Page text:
Contractors tackle heatstroke with more than ‘pinch of salt’

As the mercury rises across the Gulf, some contractors are supplying oral rehydration fluids to their site workers to help prevent dehydration and heatstroke.

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By  Sean Cronin Published  July 16, 2005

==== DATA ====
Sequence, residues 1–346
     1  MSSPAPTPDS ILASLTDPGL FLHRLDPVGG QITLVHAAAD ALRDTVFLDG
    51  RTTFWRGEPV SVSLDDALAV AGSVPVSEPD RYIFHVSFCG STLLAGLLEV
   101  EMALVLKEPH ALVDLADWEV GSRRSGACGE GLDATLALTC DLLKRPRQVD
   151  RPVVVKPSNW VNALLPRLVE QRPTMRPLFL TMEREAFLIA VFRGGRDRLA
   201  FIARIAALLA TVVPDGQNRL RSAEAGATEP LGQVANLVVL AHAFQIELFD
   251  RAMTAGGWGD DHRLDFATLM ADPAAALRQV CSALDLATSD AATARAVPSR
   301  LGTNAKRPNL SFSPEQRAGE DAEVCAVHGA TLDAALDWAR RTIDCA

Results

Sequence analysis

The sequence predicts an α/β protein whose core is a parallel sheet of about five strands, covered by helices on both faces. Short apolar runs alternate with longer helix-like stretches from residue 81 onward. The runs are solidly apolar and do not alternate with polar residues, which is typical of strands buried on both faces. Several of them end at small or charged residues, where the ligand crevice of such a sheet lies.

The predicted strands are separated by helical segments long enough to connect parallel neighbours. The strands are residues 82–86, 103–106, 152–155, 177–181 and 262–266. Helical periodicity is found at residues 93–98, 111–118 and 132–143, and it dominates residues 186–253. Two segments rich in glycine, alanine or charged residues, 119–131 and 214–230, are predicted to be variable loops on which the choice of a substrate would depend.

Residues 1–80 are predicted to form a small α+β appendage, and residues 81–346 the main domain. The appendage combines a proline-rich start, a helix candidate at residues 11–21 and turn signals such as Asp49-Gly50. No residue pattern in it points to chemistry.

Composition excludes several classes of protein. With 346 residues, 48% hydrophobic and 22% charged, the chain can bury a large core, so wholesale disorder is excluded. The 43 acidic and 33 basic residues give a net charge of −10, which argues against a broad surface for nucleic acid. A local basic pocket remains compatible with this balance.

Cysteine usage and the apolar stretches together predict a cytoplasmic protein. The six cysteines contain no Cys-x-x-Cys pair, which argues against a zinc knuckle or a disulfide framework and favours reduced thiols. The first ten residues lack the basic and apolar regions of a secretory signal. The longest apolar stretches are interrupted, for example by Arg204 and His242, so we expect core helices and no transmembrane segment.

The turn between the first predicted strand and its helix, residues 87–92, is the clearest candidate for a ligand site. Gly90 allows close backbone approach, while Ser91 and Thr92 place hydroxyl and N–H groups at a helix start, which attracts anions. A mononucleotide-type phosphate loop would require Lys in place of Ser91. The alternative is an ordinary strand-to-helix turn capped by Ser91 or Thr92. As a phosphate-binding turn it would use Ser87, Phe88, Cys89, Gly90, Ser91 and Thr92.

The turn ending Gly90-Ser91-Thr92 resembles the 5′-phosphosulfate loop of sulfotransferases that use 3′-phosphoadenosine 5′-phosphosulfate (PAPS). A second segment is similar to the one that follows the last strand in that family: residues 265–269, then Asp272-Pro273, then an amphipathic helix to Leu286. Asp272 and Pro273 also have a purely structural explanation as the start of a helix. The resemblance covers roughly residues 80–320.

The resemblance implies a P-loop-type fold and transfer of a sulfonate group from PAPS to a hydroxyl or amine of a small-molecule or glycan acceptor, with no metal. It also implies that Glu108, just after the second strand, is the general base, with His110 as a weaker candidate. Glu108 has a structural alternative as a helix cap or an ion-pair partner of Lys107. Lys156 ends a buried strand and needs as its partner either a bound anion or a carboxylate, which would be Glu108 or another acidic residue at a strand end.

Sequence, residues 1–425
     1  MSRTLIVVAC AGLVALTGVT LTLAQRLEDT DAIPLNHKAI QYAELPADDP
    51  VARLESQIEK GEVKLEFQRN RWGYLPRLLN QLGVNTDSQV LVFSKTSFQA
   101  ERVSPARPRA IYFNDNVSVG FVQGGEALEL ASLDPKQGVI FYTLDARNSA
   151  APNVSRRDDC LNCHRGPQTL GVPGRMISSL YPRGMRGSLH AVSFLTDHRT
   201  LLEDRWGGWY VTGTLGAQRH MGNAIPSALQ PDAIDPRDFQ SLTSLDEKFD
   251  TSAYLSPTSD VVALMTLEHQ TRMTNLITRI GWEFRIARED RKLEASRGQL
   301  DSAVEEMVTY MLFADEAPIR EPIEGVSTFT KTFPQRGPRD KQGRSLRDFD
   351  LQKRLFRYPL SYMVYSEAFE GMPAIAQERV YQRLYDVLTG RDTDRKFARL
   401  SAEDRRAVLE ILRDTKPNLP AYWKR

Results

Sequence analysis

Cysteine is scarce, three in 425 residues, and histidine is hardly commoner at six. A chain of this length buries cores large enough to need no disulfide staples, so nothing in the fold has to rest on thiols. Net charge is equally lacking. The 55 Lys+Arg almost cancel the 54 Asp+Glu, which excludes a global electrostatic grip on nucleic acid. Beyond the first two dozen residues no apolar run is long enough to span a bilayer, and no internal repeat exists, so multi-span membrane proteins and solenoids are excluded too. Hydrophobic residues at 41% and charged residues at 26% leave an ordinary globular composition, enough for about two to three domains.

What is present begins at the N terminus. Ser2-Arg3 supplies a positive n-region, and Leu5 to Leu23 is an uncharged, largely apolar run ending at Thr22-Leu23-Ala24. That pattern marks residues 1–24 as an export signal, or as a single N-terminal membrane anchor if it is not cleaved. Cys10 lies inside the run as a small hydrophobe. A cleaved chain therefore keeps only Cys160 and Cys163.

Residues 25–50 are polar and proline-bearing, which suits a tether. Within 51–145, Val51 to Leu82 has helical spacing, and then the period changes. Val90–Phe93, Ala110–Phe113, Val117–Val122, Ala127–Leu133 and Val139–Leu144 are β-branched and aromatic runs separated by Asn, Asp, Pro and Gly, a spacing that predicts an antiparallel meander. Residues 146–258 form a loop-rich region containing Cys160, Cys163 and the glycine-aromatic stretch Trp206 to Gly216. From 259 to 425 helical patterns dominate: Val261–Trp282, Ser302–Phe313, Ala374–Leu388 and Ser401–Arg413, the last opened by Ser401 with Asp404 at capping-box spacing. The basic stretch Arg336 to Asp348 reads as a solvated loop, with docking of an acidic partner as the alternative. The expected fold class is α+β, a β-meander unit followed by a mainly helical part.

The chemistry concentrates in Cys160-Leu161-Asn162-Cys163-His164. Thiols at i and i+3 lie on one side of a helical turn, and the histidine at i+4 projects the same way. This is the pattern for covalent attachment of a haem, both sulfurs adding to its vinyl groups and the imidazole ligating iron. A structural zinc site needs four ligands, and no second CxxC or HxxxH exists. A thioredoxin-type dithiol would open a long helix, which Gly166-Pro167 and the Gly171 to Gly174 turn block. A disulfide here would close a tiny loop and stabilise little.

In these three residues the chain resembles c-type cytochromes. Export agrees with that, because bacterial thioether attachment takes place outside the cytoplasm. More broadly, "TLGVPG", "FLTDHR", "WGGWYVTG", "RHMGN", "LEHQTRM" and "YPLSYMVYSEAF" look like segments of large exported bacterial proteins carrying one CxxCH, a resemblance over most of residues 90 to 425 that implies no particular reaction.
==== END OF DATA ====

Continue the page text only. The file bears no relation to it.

With temperatures poised to hit the high 40s, contractors are turning to oral re-hydration fluids to supplement drinking water on site. Balfour Beatty Dutco is one of a number of contractors that are providing oral rehydration fluids on site to ensure that their workers do not suffer from dehydration. By making the fluids readily available, contractors hope to curb the number of labourers suffering from heatstroke. This is becoming a severe problem on sites throughout the region, and is one of the reasons that both Kuwait and the UAE have taken the dramatic decision to ban outdoor working between the hours of 12.30 pm and 4.30 pm. Experts have warned that the average labourer needs to drink between 6 and 8 litres of fluids every day in the summer — up to four times the recommended daily intake for people working in temperate conditions. By supplementing drinking supplies with oral rehydration fluids, labourers are able to replenish vital minerals like common salt or sodium chloride, potassium chloride and magnesium chloride that are all lost through sweating. Contractors traditionally gave out salt tablets to replace lost minerals, but now realise that this approach can have an adverse effect. “We are trying to keep away from common salt because salt is not good for people with either high or low blood pressure,” says Steve Van der Vyver, group health and safety manager, Dutco Balfour Beatty Group. Several brands of oral rehydration fluids are on trial with contractors, which are supplied as a powder and mixed on site before being made available to labourers. Contractors began to focus on the problem of dehydration in May by instructing supervisors to inform their staff of the symptoms of dehydration, and the importance of making sure that they take enough fluids on board during the course of the day. “Dehydration is one of the main topics covered in daily tool box talks,” says Van der Vyver. Other contractors are also making proper hydration a top health and safety priority. Bill Tunney, a safety officer on a major Dubai construction project, said: “Awareness is very important because when you’re thirsty, your body is already a litre of fluids down. “You need to keep drinking throughout the day, and that is why you have to make water readily available around the site.” Although the heat is often perceived as the main problem when it comes to dehydration, it is the humidity that in fact causes the most problems. “The humidity is the real killer because it reaches a point where the air is saturated with water so sweat doesn’t evaporate. This means the body can’t cool itself down,” says Tunney. “It is during periods of high humidity that labourers complain of not feeling well,” he says.

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